The Telegraph
Saturday , March 29 , 2014
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Candidate threatens Modi, wounds Cong

March 28: The Congress today scrambled to pull up one of its Uttar Pradesh candidates who has been accused of threatening to chop Narendra Modi into pieces and asked him to apologise to the BJP’s nominee for Prime Minister.

Uttar Pradesh police have filed an FIR against Imran Masood, the Congress candidate from the Saharanpur Lok Sabha constituency, for the inflammatory remarks attributed to him. The Election Commission has also sought details of the speech and ordered a probe.

Imran, 41, is the nephew of Congress leader Rashid Masood, a parliamentarian who was disqualified last year in a corruption case. Imran was earlier with the Samajwadi Party.

The police action followed the circulation of a compact disc featuring a hate speech in which a person purported to be Imran is heard saying: “Hum Modi ki kutti kaat denge (we will cut Modi to pieces)”, if Modi tried to make Uttar Pradesh into a Gujarat.

The Saharanpur senior superintendent of police, Manoj Kumar, said an FIR against Imran had been registered for promoting enmity between different groups and deliberate and malicious acts intended to outrage religious feelings. A section under the Representation of the People Act has also been invoked for promoting enmity in connection with the elections.

Imran told a television news channel this morning that the CD was eight months old when “I was a Samajwadi Party member”. “I just said I will teach him a lesson. I did not say anything else, nothing about chopping,” he added.

Asked whether he would apologise, Imran said if Modi agreed to apologise for his misdeeds in Gujarat, he would.

But he said later: “I should have been more cautious with my words… it was said in the heat of electioneering.”

In Delhi, a deeply embarrassed Congress contacted Imran and sought an explanation. The Congress is worried because, apart from the deplorable content of the alleged speech, such controversies can polarise voters on communal lines, which will only help the BJP. The controversy has broken out ahead of Rahul Gandhi’s rally at Saharanpur tomorrow.

Raj Babbar, the Congress candidate from Ghaziabad, said: “This is not political language. It is not right to instigate people by using such provocative language.”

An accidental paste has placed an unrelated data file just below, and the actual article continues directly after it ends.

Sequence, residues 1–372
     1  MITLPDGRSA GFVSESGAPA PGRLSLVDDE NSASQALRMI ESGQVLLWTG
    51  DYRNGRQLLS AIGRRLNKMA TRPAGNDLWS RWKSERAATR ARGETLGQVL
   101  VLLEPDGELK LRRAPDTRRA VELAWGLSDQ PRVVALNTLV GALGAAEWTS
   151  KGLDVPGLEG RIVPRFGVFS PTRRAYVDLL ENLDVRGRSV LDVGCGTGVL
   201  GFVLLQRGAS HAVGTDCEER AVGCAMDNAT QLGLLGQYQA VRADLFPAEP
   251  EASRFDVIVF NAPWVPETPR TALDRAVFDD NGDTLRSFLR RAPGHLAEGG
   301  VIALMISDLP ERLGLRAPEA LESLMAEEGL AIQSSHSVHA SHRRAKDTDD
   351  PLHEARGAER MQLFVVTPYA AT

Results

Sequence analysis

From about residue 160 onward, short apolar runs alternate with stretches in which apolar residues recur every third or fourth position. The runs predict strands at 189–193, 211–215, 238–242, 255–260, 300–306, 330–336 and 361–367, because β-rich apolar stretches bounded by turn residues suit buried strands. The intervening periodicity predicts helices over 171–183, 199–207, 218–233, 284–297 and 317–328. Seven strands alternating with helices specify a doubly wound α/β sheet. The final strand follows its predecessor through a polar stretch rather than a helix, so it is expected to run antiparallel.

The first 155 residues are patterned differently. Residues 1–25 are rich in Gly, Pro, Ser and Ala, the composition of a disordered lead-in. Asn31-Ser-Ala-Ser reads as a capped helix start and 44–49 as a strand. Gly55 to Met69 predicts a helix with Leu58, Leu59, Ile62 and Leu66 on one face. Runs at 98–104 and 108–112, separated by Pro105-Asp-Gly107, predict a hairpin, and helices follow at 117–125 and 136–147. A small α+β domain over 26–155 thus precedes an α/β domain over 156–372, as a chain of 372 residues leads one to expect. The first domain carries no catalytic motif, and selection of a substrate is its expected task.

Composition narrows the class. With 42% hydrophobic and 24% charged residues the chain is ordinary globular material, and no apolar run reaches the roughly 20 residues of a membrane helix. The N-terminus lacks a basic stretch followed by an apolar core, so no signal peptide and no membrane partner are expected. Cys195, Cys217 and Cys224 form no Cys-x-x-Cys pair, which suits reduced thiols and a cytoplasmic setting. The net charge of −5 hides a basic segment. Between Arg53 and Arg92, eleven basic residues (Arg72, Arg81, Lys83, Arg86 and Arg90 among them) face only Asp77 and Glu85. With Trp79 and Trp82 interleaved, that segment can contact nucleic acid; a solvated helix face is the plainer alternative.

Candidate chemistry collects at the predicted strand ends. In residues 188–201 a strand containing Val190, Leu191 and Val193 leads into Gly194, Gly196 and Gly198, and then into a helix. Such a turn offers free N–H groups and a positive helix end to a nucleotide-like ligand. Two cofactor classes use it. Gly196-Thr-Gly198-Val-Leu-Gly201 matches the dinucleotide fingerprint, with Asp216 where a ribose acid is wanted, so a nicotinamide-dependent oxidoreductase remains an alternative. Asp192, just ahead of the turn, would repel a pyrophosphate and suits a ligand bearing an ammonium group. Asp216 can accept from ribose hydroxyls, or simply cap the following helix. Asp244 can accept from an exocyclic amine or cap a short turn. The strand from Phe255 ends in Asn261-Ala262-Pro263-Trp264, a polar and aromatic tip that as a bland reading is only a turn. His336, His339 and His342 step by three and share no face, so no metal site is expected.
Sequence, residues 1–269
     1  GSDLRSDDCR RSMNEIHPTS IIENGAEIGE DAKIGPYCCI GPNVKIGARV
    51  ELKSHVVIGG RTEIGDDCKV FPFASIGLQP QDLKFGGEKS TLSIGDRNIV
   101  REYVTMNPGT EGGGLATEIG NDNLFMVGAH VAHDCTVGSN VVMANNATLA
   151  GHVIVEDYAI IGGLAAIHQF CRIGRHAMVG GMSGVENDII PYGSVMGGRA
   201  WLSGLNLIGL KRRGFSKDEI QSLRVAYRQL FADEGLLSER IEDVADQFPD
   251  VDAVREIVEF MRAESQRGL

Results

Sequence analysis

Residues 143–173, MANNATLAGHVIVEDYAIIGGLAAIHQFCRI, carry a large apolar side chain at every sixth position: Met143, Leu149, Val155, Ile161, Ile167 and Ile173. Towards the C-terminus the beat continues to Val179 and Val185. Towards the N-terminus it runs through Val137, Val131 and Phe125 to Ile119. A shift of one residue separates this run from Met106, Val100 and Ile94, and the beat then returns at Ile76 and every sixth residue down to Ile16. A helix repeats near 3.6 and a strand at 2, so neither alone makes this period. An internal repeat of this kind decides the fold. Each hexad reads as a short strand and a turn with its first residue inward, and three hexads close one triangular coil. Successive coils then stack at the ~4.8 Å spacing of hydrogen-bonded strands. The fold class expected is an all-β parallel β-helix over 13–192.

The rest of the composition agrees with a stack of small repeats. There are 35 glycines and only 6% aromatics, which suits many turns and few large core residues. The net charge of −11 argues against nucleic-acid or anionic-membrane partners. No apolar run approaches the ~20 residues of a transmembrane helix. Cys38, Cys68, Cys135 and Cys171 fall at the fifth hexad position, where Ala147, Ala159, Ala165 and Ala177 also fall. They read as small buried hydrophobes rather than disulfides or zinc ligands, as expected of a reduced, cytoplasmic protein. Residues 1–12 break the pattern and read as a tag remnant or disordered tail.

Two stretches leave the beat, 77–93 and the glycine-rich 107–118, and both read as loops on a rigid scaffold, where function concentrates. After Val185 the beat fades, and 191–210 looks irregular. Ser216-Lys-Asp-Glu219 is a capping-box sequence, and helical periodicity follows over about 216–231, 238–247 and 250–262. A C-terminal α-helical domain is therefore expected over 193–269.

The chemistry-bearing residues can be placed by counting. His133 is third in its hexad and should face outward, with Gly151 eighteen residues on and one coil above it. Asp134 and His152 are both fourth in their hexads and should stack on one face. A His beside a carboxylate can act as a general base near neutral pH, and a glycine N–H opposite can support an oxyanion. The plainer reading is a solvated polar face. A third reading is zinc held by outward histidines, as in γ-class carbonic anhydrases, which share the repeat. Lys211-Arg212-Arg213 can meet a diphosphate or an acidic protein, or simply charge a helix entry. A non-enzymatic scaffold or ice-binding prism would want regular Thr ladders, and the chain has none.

Congress spokesperson Randeep Surjewala said in New Delhi: “The Congress is opposed to all forms of violence, whether in deed or in words, and we tell all our workers that we can fight the ideological battle against Modi without resorting to indecent language. We advise our leaders to abstain from using such language even about our worst critics.”

Surjewala claimed that Imran had told them that his statement had been distorted.

Asked about the party’s constant jibes at Modi on communal riots, Surjewala did not sound defensive. “We are fighting against Modi to protect the idea of India. Everybody knows about the political and administrative responsibility of the Gujarat government for the riots engineered by the BJP. The judiciary is at work to fix accountability but Modi can’t escape his responsibility,” the Congress spokesperson said.

He added: “Maya Kodnani, a minister in the Modi cabinet, and a close aide, is in jail for riots. One MP, Dinu Bogha, is behind bars on murder charges. His best friend Amit Shah is out on bail. Several ministers in his cabinet are facing charges or are convicted.... The captain of such a team can’t escape responsibility. But we can fight this political battle without using bad language.”

Surjewala targeted Modi for lowering the electoral discourse, alleging that the chief minister used cheap language and scornful jibes at senior leaders instead of offering an alternative agenda for governance. “Modi can make people clap using vulgar language but can’t win their trust. People expect dignified behaviour and a constructive agenda from their leaders. Modi’s use of scornful expressions is a reflection of a weak person.”

The Congress had yesterday condemned Modi’s description of Arvind Kejriwal and defence minister A.K. Antony as Pakistan agents, referring to his “AK-47, AK Antony and AK-49” remarks.